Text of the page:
05/31/2012 11:20 am ET Updated Jul 31, 2012

Sandwich Generation Headed for a Crumble

A recent Money Across Generations study further revealed why baby boomers and members of the so-called Sandwich Generation are in deep financial trouble. Get this: According to the study, more than half of baby boomers admit that they have allowed their adult children to move home and live rent free, and many continue to prioritize their families' financial needs over their own. Many people don't realize more than one out of eight Americans aged 40-60 is both raising children and caring for a parent. This generation of people, sandwiched between financially needy parents and children, will be reaching retirement age soon but likely without a nest egg of any significance.

For those facing this financial whipsaw, here are some recommendations, both financial and psychological.

Practice tough love with the kids.

Everyone except Peter Pan has to grow up, so parents of post-college aged children need to push the kiddos out of the nest or start charging rent. Investing the cost savings or rent money, particularly if you have some time before retirement, can help ease the long-term savings burden. And it is clearly a case of tough love as the Money Across Generations' study notes 35 percent of parents don't believe their children have learned financial responsibility. Some kids blame parents as well, so it is not an easy task -- but it needs to be done.

Spread the parental care burden among siblings.

For those with aging parents who also have baby boomer siblings, be sure that each child is shouldering their fair share of the financial load. Oftentimes, the sibling closest geographically ends up paying more for an aging parent's care -- both time and money -- than siblings outside the area or across the country.

Make best of use of any government-supported programs for aging parents.

Government programs are not handouts. On the contrary, this is why you have been paying taxes all of your life. Medicare, Medicaid and many other programs can help ease the financial burden of caring for aging parents.

Think outside the traditional financial planning box.

Most advisors look at an aging baby boomer and offer up simplistic advice: Save more. But we know that boomers have been struck from all sides by the recession, real estate crisis and thinning job market. Old school plaudits just don't make sense. Today's boomer needs to look at all financial options, even those outside the traditional playbook. Some options might work well not only for boomers, but their aging parents as well.

Consider reverse mortgages.

A reverse mortgage is a special type of home loan that lets you convert a portion of the equity in your home into cash, and interestingly, the federal government is in on it. The Home Equity Conversion Mortgage is the Federal Housing Authority's reverse mortgage program, which bills itself as a safe plan that can give older Americans greater financial security. Many seniors use it to supplement Social Security, meet unexpected medical expenses, make home improvements and more. Seniors or boomers with equity in their homes should look at this option as a way to augment retirement.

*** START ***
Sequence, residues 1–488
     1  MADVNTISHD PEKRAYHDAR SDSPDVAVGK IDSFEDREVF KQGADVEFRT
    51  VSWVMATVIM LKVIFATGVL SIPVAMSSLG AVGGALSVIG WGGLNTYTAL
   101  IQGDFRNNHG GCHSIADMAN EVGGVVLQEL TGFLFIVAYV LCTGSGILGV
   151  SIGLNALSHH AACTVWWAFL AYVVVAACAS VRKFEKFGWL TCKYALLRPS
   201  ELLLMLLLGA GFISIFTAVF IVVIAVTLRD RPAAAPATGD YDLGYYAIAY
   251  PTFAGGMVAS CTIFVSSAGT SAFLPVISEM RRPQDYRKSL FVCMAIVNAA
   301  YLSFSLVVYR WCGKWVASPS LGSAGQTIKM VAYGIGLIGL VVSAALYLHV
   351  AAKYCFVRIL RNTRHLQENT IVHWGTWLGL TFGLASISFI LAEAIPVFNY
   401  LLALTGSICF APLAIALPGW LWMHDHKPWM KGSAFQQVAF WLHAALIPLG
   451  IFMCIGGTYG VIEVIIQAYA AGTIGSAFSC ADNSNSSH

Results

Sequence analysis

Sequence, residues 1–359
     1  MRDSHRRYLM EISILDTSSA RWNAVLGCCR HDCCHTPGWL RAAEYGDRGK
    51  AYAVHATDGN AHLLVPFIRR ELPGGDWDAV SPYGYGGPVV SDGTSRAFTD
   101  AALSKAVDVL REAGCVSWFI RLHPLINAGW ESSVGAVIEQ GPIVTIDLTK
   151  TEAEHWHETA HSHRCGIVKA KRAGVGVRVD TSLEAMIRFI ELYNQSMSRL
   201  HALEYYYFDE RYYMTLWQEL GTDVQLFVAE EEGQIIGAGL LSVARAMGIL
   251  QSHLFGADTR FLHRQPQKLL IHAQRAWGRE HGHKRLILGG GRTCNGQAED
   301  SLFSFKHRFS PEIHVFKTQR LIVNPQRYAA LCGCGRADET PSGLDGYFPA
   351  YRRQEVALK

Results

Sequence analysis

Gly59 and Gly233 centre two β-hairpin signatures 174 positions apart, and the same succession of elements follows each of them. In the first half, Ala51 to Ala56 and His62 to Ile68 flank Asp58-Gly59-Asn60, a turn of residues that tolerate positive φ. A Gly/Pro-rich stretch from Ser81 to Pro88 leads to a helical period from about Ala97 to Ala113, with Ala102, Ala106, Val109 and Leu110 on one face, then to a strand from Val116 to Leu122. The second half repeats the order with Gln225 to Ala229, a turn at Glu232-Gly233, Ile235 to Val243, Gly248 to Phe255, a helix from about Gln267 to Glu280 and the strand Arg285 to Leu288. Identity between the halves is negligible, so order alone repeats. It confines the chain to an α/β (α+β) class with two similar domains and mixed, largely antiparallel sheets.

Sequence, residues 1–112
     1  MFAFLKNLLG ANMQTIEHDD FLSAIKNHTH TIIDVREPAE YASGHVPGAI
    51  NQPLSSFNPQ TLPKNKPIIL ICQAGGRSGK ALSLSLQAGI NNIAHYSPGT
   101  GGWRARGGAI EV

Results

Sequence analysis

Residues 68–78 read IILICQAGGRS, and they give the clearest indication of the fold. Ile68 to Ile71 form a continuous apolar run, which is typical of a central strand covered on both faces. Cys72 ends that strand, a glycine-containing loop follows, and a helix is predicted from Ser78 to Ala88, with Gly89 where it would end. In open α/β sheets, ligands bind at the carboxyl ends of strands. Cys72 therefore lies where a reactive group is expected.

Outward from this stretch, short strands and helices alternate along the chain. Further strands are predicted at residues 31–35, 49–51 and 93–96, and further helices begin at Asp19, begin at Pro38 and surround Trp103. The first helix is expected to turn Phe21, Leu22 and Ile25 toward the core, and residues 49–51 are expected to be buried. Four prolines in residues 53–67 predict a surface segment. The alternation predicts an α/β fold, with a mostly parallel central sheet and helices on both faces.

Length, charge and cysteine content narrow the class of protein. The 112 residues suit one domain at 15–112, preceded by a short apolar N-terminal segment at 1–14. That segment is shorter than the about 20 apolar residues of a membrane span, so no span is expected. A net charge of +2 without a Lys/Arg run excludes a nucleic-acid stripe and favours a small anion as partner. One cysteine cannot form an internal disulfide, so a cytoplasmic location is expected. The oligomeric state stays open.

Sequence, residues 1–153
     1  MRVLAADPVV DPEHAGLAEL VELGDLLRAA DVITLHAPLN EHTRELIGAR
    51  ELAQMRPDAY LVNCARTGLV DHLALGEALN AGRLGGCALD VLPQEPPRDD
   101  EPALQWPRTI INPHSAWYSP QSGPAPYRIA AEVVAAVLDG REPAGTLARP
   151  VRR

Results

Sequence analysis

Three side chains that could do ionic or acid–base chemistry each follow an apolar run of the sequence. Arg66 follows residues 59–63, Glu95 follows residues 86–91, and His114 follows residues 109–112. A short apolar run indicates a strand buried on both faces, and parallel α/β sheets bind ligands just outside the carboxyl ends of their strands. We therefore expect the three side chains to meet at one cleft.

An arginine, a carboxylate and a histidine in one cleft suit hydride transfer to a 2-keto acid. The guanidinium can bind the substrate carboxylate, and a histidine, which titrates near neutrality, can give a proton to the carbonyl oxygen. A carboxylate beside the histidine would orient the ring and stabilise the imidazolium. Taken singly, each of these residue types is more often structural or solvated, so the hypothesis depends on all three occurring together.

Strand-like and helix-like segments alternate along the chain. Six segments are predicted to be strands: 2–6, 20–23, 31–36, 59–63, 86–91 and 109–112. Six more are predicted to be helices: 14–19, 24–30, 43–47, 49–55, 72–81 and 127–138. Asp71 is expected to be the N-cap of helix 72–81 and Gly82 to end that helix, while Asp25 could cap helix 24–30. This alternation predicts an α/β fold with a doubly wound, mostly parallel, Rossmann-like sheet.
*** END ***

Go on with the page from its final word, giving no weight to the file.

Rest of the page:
Research life settlements.

The life insurance settlement industry has been preparing for a climb in life settlement transactions during the next two decades, due in large part to the imminent baby boomer retirement crisis. Many Americans still don't know a life settlement is an option when they no longer need or cannot afford life insurance. The 75 million strong boomer demographic is the most insured generation of all time, yet more than 85 percent of life insurance policies never reach maturity.

Policyholders can sell their life insurance policy for cash, and a life settlement provider continues to pay the purchased policy premiums, collecting the full amount when the policy seller passes away. The value of a life settlement varies depending on the life expectancy of the policyholder at the time of sale, and on the written full value of the policy. A life settlement will always be less than the full value of the policy, but much more than the amount a policyholder would receive if he or she let the policy lapse or surrendered it to the insurance company. Often, a life settlement offers seven to eight times more funds than surrendering the policy.

The seniors and boomers who are intertwined as part of the sandwich generation face many previously unforeseen economic challenges, but options are available for those willing to make sacrifices and think creatively.

Betty White behind the scenes video from photo shoot for The Lifeline